The Pentagon Is Developing Disappearing Drones
Within the next two years, DARPA plans on creating drones that vanish into thin air
The U.S. Department of Defense just got a lot closer to creating flying battlefield drones that vanish on command.
This month, the Defense Advanced Research Project Agency (DARPA) awarded $5.2 million to two companies to develop disappearing delivery drones. Unfortunately for those excited about the possibility of invisible drones, these devices won’t ever re-materialize after they vanish—they will just self-destruct into oblivion, leaving no trace of military operations.
The Defense Advanced Research Project Agency (DARPA) has been working on disappearing material since at least 2013, with the inception of the Vanishing Programmable Resources (VAPR) program aimed at developing electronic system that could physically disappear when triggered. A statement released at the time explaining the project said VAPR systems would mean the military wouldn’t have to worry about leaving devices or information that could lead to the “compromise of intellectual property and technological advantage.”
DARPA demonstrated some VARP technology last year at their Wait, What? Conference with a laser that triggered a microchip to shatter into dust. At the event, DARPA technical consultant Pae Wu told FedScoop the technology is like Snapchat for hardware.
DAPRA was so pleased with those VAPR results that the agency created the Inbound, Controlled, Air-Releasable, Unrecoverable Systems (ICARUS) project last fall. “With the progress made in VAPR, it became plausible to imagine building larger, more robust structures using these materials for an even wider array of applications. And that led to the question, ‘What sorts of things would be even more useful if they disappeared right after we used them?’” VAPR and ICARUS program manager Troy Olsson said in a statement last October. “In discussions with colleagues, we were able to identify a capability gap that we decided was worth trying to close.”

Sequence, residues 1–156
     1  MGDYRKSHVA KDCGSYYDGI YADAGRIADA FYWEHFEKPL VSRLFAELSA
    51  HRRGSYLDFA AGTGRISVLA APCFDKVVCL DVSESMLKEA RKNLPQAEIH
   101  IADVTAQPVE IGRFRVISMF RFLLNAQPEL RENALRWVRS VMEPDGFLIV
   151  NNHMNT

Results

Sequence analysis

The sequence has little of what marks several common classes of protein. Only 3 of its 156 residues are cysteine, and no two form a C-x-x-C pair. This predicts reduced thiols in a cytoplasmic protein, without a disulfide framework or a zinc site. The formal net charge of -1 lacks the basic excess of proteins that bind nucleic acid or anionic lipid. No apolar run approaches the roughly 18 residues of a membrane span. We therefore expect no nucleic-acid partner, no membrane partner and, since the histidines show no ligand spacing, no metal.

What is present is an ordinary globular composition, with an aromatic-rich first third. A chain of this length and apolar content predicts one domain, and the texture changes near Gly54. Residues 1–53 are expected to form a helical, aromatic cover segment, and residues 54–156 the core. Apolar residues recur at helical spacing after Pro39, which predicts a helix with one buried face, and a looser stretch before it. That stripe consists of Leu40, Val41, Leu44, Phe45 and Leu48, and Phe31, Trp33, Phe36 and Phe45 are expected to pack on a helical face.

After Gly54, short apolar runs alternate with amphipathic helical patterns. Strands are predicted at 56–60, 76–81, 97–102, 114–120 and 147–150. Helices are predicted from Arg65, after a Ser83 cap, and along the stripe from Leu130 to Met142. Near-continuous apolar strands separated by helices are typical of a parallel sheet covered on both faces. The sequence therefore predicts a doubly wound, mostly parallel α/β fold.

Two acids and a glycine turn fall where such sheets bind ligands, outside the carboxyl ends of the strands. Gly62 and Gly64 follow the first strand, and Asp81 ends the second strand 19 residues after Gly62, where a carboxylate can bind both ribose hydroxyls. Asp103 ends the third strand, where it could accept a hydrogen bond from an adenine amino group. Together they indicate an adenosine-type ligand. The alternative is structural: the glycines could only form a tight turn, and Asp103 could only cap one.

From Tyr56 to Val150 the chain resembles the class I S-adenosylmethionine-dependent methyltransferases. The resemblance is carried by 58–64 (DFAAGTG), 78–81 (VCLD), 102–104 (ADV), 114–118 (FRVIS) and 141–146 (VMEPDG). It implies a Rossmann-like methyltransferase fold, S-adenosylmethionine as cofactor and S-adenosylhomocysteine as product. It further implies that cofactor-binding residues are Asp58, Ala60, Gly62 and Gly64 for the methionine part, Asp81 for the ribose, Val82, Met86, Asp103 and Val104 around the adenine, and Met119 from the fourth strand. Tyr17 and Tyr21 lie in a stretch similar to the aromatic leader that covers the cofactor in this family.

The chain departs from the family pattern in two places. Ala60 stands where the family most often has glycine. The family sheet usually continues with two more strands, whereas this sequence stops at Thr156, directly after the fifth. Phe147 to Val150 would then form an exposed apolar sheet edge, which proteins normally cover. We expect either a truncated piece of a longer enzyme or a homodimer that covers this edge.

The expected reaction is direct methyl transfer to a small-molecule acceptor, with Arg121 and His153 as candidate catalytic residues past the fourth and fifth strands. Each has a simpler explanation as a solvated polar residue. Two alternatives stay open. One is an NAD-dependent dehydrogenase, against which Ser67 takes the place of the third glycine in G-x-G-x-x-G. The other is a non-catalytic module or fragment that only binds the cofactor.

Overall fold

Olsson and the ICARUS team decided to first use VAPR technology for the development of unmanned aircrafts that can deliver supplies to troops without making an environmental impact or adding to a unit’s load. Unlike the namesake of ICARUS, the goal of this venture is to build aircrafts that can dissipate after their mission is complete. Currently, small airplanes deliver supplies by dropping them, then letting them float to their destination on parachutes. This usually require troops either pack up the parachute or leave it behind.
Now, Military & Aerospace Electronics reports that DARPA has awarded $2.9 million to DZYNE Technologies and $2.3 million to Xerox Palo Alto Research Center (PARC) to create unmanned aircrafts that can deliver 3-pound payloads to within about 30 feet of a target location. Then—poof—the drones will virtually disappear into the ether, leaving millions of specks no wider than human hair.
DARPA still plans on giving out more ICARUS awards to other companies. PARC and DZYNE will have a chance to enter a second phase of testing and development. Both phases will last 26 months, after which the Department of Defense expects to have aircrafts that become untraceable after dropping into enemy territory.
At that rate, it could only be a few more years before we see this technology used for weapon-carrying drones.